I'm going to tell you why anyone who uses social media should watch Ingrid Goes West. If I got to choose a movie that deserves an Oscar nomination, it would be this one. Such fantastic performances by by Aubrey Plaza and Elizabeth Olsen. Writers David Branson Smith and Matt Spicer definitely were snubbed of a Screenplay nod. Ingrid Goes West is one of those films that’s secretly horrific disguised as a comedy. And here’s why.
Ingrid Goes West is a film inspired by social media, and in particular, Instagram. It also dives into the culture of obsession cultivated by our smartphones and how the active use of social media can consume us on a daily basis. We all can agree that social media is a great way to stay connected with the world but every now and then we hear or read about its ugly side and how it's used as a weapon to harm others. In light of this, the dark comedic satire in Ingrid Goes West becomes a study on what it's like to be a modern-day stalker when our obsessive culture allows someone who is prone to extreme obsession to thrive. So here are all the reasons why anyone who uses social media should watch Ingrid Goes West.
Ingrid (Aubrey Plaza) is a loner. She has no one in her life, and her mother is dead. Ingrid's phone is the only source of connection she has with the world. Her relationship with her phone is also the problem. With everything accessible with a click of her fingers, Ingrid feels she can get what she wants, no matter the consequences. It makes her obsessive, making her vulnerable and dangerous at the same time. This is one of the primary reasons why anyone who uses social media should watch Ingrid Goes West.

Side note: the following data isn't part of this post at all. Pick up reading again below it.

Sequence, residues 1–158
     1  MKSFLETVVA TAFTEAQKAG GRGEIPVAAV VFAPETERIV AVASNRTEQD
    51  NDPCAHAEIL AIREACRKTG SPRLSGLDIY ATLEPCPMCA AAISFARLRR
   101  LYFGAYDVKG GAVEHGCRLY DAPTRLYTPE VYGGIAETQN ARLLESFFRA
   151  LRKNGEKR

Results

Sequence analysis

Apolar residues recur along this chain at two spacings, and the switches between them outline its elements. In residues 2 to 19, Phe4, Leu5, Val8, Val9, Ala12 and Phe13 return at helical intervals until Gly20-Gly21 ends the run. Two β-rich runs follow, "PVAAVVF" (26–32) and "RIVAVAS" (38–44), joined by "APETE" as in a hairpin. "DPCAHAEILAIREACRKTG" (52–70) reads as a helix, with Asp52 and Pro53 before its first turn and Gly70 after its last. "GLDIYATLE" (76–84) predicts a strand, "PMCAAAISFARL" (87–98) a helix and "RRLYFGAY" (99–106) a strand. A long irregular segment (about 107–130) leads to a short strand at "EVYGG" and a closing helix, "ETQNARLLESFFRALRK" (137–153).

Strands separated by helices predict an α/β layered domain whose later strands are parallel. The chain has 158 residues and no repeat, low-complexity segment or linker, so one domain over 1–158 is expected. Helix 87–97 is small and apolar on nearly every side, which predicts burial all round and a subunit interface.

Being out of touch with society makes her fragile, and seeing all of the positive clichés with people and society makes her crave it. The combination makes her blindly act upon her desire to be liked and to be friends with those people who have a huge social media cachet regardless of whether anyone gets hurts in the process.
One interesting way the film immediate focuses on characterizing Ingrid is in the absence of sound. Rather than soundtrack her deep dives into social media, all we see is her in pensive state as she stares at her phone. When we are watching her alone, it's quiet and unnervingly still. However, when she finds someone to admire on social media, we begin to hear voices and imagined conversation, which ignites Ingrid with a smile as her delusions begin to take root.
After being released from a mental health clinic from her previous stalker incident (presumably), Ingrid quickly begins searching for someone else to follow. She begins to follow new people on Instagram and pretends to know them.
She immediately becomes infatuated with a Californian Instagram celebrity named Taylor (Elizabeth Olsen). After exchanging a few words with her new target, Ingrid finds herself traveling across the country to pursue her. Ingrid immediately follows Taylor’s patterns through her posts. She finds her favorite brunch café, then ultimately, her private home in the suburbs. After kidnapping Taylor’s dog, and pretending to have rescued him, Ingrid successfully infiltrates Taylor’s life.